at 30, 60, and 90 days, based on data from approximately 300 patients.
COPD remains a leading cause of mortality and a leading contributor to health care costs, but data suggest that adoption of an interdisciplinary care bundle could reduce hospital readmission for COPD patients,, of Overlook Medical Center, Summit, N.J., and colleagues wrote. The Centers for Medicare & Medicaid Services has introduced both penalties and bundled payments for hospitals with excess all-cause readmission rates after hospitalizations, but more data are needed on the ability of a COPD care bundle to reduce readmission for COPD.
In a study published in the Journal of the American Pharmacists Association, the researchers assigned 127 individuals with COPD to a COPD care bundle arm and 189 to a control arm for treatment at a single center. The standard of care group was admitted between Jan. 1 and Dec. 31, 2017; the COPD care bundle group was admitted between Jan. 1 and Dec. 31, 2018. The mean age of the participants across both groups was 72 years, and more than 70% of patients in each group were White. The COPD care bundle was managed by a team including pulmonologists, hospitalists, care managers, advanced practice nurses, pharmacists, respiratory care practitioners, physical therapists, documentation specialists, quality improvement experts, social workers, and dietitians.
The primary outcome was 30-day all-cause readmission among adults with acute exacerbation of COPD.
Overall, the rate of 30-day all-cause readmissions was significantly lower in the COPD care bundle arm versus the control arm (11.8% vs. 21.7%; P = .017). Similar differences appeared between the care bundle group and control group for all-cause readmissions at 60 days (8.7% vs. 18%; P = .013) and 90 days (4.7% vs. 19.6%; P < .001).
Reasons for reduced readmissions after implementation of the COPD care bundle included pulmonary follow-up appointments of 7 days or less, significantly increased physical therapy consults, and significant escalation of COPD maintenance therapy, the researchers wrote.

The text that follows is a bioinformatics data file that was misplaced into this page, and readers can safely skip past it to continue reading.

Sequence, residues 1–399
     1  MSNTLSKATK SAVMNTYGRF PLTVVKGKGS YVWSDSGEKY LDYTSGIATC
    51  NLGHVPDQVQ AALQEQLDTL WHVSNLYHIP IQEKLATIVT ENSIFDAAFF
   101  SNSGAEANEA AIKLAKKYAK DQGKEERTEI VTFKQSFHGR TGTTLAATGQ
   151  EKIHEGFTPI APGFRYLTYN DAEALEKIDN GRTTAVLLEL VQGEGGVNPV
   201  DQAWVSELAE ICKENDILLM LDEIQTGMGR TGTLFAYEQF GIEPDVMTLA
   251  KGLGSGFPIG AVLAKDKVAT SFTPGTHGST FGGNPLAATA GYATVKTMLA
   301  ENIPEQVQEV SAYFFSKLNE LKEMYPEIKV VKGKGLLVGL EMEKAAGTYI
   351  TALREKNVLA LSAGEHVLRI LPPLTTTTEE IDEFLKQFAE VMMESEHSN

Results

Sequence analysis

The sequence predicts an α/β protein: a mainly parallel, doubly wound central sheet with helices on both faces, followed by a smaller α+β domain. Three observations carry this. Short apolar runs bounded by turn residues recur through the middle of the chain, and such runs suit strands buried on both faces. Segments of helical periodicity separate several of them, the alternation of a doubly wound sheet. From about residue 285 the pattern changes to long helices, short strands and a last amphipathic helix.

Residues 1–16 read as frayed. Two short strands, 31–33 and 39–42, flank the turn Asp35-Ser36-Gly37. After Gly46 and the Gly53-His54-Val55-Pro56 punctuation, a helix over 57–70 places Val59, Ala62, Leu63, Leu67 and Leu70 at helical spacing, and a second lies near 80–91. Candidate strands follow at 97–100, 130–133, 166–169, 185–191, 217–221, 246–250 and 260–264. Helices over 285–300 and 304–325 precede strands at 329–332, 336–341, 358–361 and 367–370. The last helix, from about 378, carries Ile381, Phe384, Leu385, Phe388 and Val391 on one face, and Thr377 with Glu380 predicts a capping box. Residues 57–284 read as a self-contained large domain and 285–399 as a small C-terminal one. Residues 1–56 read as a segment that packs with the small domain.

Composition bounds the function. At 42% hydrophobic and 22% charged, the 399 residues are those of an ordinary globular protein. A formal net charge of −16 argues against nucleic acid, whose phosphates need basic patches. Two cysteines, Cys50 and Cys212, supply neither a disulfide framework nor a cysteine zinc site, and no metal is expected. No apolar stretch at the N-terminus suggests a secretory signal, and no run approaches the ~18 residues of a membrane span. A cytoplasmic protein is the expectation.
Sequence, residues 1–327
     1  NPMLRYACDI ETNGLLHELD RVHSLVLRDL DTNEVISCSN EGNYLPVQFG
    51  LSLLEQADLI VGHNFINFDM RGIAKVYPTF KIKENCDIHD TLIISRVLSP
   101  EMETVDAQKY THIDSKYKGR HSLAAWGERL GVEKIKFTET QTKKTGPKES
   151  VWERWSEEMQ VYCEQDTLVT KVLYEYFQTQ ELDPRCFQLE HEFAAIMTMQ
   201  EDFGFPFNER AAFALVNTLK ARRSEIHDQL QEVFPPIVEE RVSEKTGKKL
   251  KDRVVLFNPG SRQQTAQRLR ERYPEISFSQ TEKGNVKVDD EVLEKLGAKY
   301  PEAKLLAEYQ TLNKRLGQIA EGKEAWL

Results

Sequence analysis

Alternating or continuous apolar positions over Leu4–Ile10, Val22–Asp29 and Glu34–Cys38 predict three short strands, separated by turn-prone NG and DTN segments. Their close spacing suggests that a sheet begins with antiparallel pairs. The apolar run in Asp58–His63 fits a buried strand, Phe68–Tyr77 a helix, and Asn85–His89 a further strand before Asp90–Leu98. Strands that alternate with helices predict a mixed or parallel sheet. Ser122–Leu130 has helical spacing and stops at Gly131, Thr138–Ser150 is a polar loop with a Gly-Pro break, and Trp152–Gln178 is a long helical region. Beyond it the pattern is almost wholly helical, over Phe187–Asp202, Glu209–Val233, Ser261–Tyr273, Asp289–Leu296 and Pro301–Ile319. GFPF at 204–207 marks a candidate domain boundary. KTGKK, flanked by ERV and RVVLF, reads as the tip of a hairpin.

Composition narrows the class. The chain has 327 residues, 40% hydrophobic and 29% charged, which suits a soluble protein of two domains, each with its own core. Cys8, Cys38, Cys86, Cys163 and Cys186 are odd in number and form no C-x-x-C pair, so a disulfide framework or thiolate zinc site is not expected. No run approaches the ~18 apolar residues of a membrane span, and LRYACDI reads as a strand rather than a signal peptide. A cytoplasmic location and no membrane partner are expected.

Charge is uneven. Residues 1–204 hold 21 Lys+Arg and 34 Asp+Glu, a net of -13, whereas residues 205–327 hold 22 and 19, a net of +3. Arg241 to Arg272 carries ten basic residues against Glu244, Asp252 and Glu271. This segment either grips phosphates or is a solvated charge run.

Notably, pharmacists consulted with 68.5% of patients overall and assisted with access to outpatient medications for 45.7% of those in the care bundle arm, the researchers wrote. Patients in the COPD care bundle group were significantly more likely to have an escalation in maintenance therapy versus the control patients (44.9% vs. 22.2%; P < .001), which illustrates the importance of interventions by pharmacists in escalating therapy to reduce readmissions.
The study findings were limited by several factors including the retrospective design and use of data from a single center, the researchers noted. Other limitations included the lack of data on the need for therapy escalation in the control group and by the lack of controlling for socioeconomic status, which is a known risk factor for hospital readmission.
However, the results support the value of a COPD care bundle for reducing readmissions, and that such a bundle can be replicated at other hospitals, although more research is needed to evaluate the impact of other COPD care strategies, they emphasized.
The study received no outside funding. The researchers had no financial conflicts to disclose.